Contractors World 2010 Volume 1 Issue 9
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Formed at the beginning of the year, Forexplo has quickly established itself as a drill and blast specialist in Canada’s Quebec Province, winning a reputation for meeting clean and efficient production targets, on-schedule and within budget.
The company is using Atlas Copco XRVS 1000 CD6 air compressors to power two 750 hp drill rigs.
Jointly formed by Mr. Bilodeau and Mr. Vachon earlier this year, it followed many years experience by both men operating for other contractors.
Quickly winning its first drill and blast contract with Beauval for all their quarries - the first one in Valleyfield, Quebec, 40 km west of Montreal and the site Ange Gardien, some 55 km south of Montreal and near to the Appalachian mountain range. A third award was soon to follow at Herbertville on Lac St Jean. And already the company is confident it is set to be awarded two further contracts.
The XRVS 1000, rated with a free air delivery of 1000 cfm at 25 bar (365 psi) is powered by a Caterpillar C13 ACERT T3 diesel engine and Atlas Copco FuelExpert to provide fuel consumption figures of just 60-62 l/h.
“This exceptional figure compares with the 90 l/h from our previous American compressors,” said Robert Bilodeau, adding, “Over a year this represents a significant cost saving.”
The Ange Gardien quarry was first established in the 1960s and was acquired by Beauval in 1981 to offer a broader diversity of crushed stone comprised mainly micritic limestone and slate and serves the Monteregie and Eastern townships.
Depending on Beauval’s requirements, Forexplo are typically drilling 56 holes for a blast to provide approximately 20,000 t. Using Atlas Copco standard or Speedbit 140 mm diameter drill bits and hammer, Forexplo is drilling up to 30 m/h.
A Bobcat T300 compact tracked loader has provided a unique, cost-effective solution for removing spoil in the construction of a pedestrian tunnel at the site of the 14th century monastery of Santa Caterina del Sasso. This is a popular destination for pilgrims and is located at the base of a sheer cliff face above one of the deepest points on the eastern shore of Lake Maggiore in Italy.
Linked to a new 12-person lift system taking visitors down from the car park, the tunnel will make it easier for everyone to visit the monastery, particularly the elderly and disabled, access for whom was severely hindered by the steep steps that were previously the only way down the 50 metres from the car park to the entrance to the monastery.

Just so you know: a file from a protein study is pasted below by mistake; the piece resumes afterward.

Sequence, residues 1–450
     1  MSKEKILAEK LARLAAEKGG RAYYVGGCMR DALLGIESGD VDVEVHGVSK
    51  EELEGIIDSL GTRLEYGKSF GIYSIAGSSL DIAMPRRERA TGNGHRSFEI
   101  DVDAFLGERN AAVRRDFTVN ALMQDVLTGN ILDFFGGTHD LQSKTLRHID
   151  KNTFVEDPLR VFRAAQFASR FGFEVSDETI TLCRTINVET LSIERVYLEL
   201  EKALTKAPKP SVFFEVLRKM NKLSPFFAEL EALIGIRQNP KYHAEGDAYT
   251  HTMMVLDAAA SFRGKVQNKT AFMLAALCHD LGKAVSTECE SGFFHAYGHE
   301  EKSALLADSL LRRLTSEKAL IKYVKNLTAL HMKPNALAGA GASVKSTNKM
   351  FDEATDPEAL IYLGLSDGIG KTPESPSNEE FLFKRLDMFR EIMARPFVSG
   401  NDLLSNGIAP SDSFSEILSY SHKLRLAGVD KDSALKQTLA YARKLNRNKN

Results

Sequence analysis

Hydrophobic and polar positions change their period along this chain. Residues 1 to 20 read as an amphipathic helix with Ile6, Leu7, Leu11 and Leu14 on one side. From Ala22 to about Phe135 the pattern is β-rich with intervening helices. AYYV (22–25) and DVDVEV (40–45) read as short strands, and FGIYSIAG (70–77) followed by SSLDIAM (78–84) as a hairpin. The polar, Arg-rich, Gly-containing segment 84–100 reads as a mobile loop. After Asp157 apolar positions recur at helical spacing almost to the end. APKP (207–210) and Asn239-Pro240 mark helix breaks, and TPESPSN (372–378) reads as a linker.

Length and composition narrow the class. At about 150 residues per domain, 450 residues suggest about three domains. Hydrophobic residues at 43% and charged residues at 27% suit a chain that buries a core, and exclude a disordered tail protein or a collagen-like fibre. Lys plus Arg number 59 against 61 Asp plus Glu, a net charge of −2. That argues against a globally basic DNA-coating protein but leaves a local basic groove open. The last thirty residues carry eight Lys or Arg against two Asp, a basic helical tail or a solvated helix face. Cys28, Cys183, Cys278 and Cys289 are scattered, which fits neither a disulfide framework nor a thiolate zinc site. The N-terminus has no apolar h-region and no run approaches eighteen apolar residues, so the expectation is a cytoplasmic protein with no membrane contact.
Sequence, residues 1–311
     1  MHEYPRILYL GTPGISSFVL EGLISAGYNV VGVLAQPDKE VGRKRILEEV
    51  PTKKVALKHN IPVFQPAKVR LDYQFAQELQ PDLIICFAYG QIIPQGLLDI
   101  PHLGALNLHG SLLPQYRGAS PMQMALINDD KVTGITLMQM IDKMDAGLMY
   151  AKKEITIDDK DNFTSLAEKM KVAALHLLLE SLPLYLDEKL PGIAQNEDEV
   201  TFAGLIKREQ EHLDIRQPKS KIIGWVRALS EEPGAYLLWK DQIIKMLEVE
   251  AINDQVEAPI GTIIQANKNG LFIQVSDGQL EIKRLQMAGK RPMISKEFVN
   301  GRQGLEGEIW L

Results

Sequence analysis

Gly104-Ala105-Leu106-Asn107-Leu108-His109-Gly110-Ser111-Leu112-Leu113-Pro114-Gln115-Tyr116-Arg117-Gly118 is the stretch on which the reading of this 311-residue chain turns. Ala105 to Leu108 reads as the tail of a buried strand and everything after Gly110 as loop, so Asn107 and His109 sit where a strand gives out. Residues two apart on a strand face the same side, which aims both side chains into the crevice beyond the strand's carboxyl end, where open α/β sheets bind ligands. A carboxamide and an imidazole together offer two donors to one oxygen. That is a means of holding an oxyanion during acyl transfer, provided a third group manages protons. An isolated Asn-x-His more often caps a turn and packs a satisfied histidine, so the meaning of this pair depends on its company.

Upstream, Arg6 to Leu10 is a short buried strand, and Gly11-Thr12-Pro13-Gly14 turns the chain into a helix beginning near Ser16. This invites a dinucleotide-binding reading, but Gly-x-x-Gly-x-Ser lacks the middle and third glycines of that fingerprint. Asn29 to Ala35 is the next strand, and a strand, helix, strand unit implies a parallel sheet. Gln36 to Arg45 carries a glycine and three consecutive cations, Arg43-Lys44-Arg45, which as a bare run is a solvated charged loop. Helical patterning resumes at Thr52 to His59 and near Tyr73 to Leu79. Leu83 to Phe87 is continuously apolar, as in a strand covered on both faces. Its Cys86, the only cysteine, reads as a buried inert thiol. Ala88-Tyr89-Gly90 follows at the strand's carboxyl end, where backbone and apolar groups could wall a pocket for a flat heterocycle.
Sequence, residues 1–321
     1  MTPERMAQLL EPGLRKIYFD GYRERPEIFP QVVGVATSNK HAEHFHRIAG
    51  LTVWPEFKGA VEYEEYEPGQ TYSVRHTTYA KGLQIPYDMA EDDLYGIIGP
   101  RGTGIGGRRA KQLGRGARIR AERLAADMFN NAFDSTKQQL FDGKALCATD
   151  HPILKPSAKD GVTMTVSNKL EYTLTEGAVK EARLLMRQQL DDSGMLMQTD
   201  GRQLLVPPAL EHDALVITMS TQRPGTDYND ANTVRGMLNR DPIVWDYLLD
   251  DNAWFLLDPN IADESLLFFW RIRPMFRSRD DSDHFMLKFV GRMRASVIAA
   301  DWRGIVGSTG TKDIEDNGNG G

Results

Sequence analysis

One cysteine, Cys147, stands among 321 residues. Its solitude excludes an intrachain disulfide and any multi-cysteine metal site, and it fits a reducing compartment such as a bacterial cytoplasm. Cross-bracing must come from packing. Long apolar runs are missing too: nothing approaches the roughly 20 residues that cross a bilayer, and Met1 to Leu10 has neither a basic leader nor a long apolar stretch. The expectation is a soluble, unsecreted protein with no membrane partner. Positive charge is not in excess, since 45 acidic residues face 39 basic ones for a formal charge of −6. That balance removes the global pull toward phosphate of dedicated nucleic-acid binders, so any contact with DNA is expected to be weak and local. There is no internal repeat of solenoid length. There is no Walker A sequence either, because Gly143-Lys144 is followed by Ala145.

The works were commissioned by the Architectural Heritage Sector of the Province of Varese, with the collaboration of the Achille Balossi Restelli Engineering Company in Milan. As early as the planning stage, it was clear that removing spoil from the tunnel would severely restrict the progress of the work. The inaccessible entrance, little room to maneouvre and the need to lower a machine to a specific point using only the construction site crane narrowed the choice down to a compact loader, as no other type of machine would have been able to work in these conditions.
The contractors opted for a Bobcat T300 compact tracked loader, fitted with an anti-particulate filter by Bobcat dealer MAIE to reduce emissions in the tunnel.
Together with a range of attachments, the T300 loader was purchased by Sondrio-based ACCISA SpA, a specialist in this type of excavation work which acted as subcontractor to I.CO.P. SpA, the main contractor on the project, based in Udine.
Massimiliano Duca of ACCISA, said: “We were looking for a compact loader which could remove spoil as quickly as possible. The machine had to be powerful and have lifting capacities suitable for working in difficult conditions. Weight was another problem: we had to partially disassemble the loader and lower the components to the tunnel entrance with a crane which had a maximum capacity of 1.6 tonne.
With the assistance of MAIE, the loader was disassembled so that the largest and heaviest assembly, the main chassis, could be safely lifted by the crane. The machine was then reassembled at the tunnel entrance to carry out the work and, at the end of the job, it was again disassembled to remove it from site.”
Contractors World Magazines are published by VVV Limited
Publisher: Roger Lindley
Page updated: 23-Oct-2010
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